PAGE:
April 11, 2010

Artifact #6: Letter from Yank Fewcloths to Mary Smith, 1895.

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The Brown Palace

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Letter from Hi-Ki and Yank Fewclothes to Soapy's wife Mary
(artifact #6-A)

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Letter from Hi-Ki and Yank Fewclothes to Soapy's wife Mary
(artifact #6-B)

The above letter is written to Soapy's wife Mary in St. Louis by husband and wife team, Henry Edwards (alias Yank V. Fewclothes), "the Poet Laureate of Seventeenth Street" and Hi-Ki were very good and loyal friends with the Smith's. Edwards was a booster in the Soap Gang. After Mary left Denver it was "Yank" and Hi-Ki who often stayed in the Smith household maintaining it for Mary's return, which never came. Edwards revealed his immense sustaining friendship and loyalty when he refused to talk bad of his long deceased friend in a 1914 interview, crowning his allegiance with the words, "He never threw down a pal." Details of Henry Edwards and his association with the Soap Gang are detailed in the pages of Alias Soapy Smith listed at the end of this post.

The letter may have been written by either Hi-Ki or "Yank" on stationary from the Brown Palace Hotel in Denver, Colorado. Although it is known that "Yank" often resided at local hotels, a common effect of being "on call" for swindles, it is not known if "Yank" was living at the hotel or just using their stationary, which was a common habit. Below is the contents of the letter.

Dec. 14, 1895
Mrs. Mary E. Smith

Dear Friend:

Your most welcome letter was received by due course of mail, and am pleased to hear from you, and to learn of the good health of the children and yourself. Hope Jimmie will continue to improve. The boys are kicking foot ball out on the lot, and are having a great play at it. The house and its contents remain just the same as when you left, one year ago, on the fifth of this month. The taxes for last year were paid on the thirty-first day of last May, and the receipts that have been paid on this and the other property are in a large envelope in your desk. The taxes for this year are not due till after the first of next year, and the books are not ready at present. Have not seen Ellen A. Dalton since August 15th, and do not know her address. This morning I learned that she was out on West Colfax Ave., yesterday, and that she is at work somewhere in the city, and is well and looking nicely. Will ask her address the next time she comes out there. This is all I have been able to learn of her since you wrote me. I will continue to look for her. Hoping to hear from you, or see you soon, with kind regards to all family friends we remain as ever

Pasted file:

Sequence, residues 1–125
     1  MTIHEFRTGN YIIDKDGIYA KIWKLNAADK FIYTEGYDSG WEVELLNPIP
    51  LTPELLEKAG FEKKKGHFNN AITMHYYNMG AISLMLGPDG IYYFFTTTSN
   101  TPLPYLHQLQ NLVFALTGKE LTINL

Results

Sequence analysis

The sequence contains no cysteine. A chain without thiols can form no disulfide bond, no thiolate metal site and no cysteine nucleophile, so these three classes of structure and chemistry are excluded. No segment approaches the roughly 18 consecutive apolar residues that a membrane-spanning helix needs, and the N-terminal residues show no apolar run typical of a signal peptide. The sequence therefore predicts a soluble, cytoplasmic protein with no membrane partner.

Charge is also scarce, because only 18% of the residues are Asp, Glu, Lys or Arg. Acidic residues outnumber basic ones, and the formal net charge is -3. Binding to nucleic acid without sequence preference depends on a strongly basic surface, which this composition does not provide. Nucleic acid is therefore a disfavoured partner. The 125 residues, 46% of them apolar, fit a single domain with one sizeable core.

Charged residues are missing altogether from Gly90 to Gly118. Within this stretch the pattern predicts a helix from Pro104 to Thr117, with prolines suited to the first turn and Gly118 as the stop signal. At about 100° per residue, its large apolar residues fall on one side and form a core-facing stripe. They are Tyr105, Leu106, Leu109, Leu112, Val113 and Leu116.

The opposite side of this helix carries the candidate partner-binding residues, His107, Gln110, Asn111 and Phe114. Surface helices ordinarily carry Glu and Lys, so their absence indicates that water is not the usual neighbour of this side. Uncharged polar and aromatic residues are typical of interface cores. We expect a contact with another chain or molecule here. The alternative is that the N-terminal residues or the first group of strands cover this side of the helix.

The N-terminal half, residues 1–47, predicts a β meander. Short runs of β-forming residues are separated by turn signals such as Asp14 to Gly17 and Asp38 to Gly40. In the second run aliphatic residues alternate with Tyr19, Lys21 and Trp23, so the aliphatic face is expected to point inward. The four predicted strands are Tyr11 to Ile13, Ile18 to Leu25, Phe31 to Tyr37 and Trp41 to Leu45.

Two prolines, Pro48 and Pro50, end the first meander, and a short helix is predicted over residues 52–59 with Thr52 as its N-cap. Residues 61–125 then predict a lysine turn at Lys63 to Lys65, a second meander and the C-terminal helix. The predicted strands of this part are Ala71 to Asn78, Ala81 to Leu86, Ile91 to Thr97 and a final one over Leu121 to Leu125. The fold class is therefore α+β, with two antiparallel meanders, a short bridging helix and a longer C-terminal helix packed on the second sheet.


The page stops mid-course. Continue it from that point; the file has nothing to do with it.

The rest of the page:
Hi-Ki and Yank Fewclothes.

"Jimmie" is Soapy and Mary's youngest child, James Luther Smith, born November 27, 1889.

At this time I do not know who Ellen A. Dalton is, although Mary's mother's maiden name was Dalton. Could it be an aunt or cousin?

From the letter we can see that Mary was in Denver for a time, previous to December 5, 1894 when she returned to St. Louis.

Brown Palace: pp. 368, 404.
Henry Edwards (Fewclothes): pp. 50, 52-53, 80, 92, 111-12, 172, 232, 243, 258, 386, 388-89, 395-96- 422, 582, 589, 592, 595.

The Brown Palace is still in operation


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